Richard Smith (Federalist8) Bedford and Huntingdon Counties 1797-1800 (Federalist8) Bedford, Huntingdon and Somerset Counties 1800-1801
Richard Smith, born January 25, 1769, Philadelphia, Philadelphia County, Province of Pennsylvania, British Colonial America; son of the Reverend William and Rebecca Moore Smith, studied law; admitted, Philadelphia bar, 1792, Huntingdon bar, 1795; trustee, Huntingdon County, 1787-1790; elected, Federalist, Pennsylvania State Senate, 1797-1801; law practice, Huntingdon, Pennsylvania, 1800-1823; died, October 1, 1823; interment, Riverview Cemetery, Huntingdon, Huntingdon County, Pennsylvania.
Elected, Federalist, Pennsylvania State Senate, 8th district, Bedford and Huntingdon Counties, 1797-1800.
Elected, Federalist, Pennsylvania State Senate, 8th district, Bedford, Huntingdon and Somerset Counties, 1800-1801.
Nephew, General William Rudolph Smith, Pennsylvania State Senate, Huntingdon and Mifflin Counties, 1823-1824.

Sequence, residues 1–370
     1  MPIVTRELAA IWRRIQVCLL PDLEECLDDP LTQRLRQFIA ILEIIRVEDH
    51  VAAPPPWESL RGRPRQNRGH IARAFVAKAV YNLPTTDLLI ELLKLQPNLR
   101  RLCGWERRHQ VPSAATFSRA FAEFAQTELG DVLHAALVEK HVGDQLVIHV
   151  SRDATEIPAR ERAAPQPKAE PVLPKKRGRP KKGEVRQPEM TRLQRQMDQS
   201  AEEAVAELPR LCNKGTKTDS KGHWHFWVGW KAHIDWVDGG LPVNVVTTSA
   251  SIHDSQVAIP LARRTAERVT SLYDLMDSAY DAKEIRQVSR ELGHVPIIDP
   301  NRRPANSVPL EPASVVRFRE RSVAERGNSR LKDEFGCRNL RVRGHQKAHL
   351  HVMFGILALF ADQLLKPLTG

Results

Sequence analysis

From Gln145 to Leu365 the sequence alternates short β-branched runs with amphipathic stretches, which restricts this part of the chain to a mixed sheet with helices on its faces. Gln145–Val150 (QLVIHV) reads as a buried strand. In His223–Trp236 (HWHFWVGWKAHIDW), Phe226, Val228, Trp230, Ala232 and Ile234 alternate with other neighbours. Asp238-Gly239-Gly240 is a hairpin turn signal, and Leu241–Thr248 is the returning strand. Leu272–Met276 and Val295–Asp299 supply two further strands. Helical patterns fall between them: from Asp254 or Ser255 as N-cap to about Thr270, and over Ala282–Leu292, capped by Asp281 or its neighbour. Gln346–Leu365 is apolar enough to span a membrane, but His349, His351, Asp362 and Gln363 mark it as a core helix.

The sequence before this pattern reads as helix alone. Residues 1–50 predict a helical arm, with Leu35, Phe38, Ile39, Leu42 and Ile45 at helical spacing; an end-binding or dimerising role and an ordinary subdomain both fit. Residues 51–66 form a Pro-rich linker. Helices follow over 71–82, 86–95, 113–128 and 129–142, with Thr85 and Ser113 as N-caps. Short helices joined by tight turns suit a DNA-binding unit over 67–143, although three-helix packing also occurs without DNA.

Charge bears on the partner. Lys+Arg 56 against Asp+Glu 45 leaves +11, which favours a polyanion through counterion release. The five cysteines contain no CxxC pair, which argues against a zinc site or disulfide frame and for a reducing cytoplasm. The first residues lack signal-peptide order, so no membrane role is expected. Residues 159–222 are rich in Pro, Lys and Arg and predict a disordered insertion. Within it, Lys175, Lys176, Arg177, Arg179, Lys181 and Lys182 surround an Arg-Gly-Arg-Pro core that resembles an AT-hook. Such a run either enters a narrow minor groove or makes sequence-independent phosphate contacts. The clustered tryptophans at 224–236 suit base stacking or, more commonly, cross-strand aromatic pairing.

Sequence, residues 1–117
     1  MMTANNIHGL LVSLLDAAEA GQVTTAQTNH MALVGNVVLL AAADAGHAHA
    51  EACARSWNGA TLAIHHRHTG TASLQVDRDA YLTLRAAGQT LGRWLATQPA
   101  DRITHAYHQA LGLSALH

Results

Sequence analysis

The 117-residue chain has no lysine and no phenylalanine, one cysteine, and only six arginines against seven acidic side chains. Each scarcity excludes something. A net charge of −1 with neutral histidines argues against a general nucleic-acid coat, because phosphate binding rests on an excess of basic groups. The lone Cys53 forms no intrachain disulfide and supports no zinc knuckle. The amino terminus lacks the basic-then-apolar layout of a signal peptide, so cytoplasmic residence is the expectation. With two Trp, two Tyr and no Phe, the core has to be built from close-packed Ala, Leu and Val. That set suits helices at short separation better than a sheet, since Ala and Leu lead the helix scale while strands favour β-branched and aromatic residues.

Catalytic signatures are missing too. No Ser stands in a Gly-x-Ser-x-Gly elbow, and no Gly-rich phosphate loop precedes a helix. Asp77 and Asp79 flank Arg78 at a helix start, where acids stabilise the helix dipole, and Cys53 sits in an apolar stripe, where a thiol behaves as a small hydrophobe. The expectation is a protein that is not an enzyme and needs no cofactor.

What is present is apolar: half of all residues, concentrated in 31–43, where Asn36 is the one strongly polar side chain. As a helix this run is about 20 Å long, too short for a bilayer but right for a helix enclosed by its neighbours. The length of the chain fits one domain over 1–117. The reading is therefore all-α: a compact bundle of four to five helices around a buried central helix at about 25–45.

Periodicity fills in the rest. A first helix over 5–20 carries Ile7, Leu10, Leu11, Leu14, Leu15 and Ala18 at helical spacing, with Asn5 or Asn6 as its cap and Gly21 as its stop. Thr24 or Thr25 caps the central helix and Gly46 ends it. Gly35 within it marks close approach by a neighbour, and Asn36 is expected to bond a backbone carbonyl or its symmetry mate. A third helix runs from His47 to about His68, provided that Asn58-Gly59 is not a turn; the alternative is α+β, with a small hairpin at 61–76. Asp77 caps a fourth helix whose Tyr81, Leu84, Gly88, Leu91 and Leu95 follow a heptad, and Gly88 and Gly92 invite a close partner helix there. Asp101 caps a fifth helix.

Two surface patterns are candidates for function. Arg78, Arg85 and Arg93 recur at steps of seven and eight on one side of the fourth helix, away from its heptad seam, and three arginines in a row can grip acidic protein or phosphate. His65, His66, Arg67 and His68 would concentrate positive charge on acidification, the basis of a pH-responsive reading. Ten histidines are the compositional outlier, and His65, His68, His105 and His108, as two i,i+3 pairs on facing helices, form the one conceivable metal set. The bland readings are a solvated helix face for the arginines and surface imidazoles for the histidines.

Brother, Thomas Duncan Smith, replaced, trustee, Huntingdon County, 1787-1790.
Father, Doctor William Smith, Anglican Priest. Educator. Benjamin Franklin asked him to teach at a new school to be established in Philadelphia. Smith came to the city to teach natural philosophy and became the first provost (first president) of the College of Philadelphia, a position he held from 1754-1779. Because of a misconception of Smith as a loyalist, the Pennsylvania legislature established the new University of Pennsylvania in 1779. Smith served on the Philadelphia Committee of Correspondence in 1774 serving with such notables as John Dickinson, Samuel Miles, and Joseph Reed. He moved to Maryland and became the first president of Washington College. Later, after the revolution ended, and Smith was no longer seen as a loyalist, the College of Philadelphia merged with the University of Pennsylvania, and Smith was the new school's provost from 1802-1803. In 1757, Smith was the editor of The American Magazine and Monthly Chronicle for the British Colonies which was published by fellow Philadelphian William Bradford.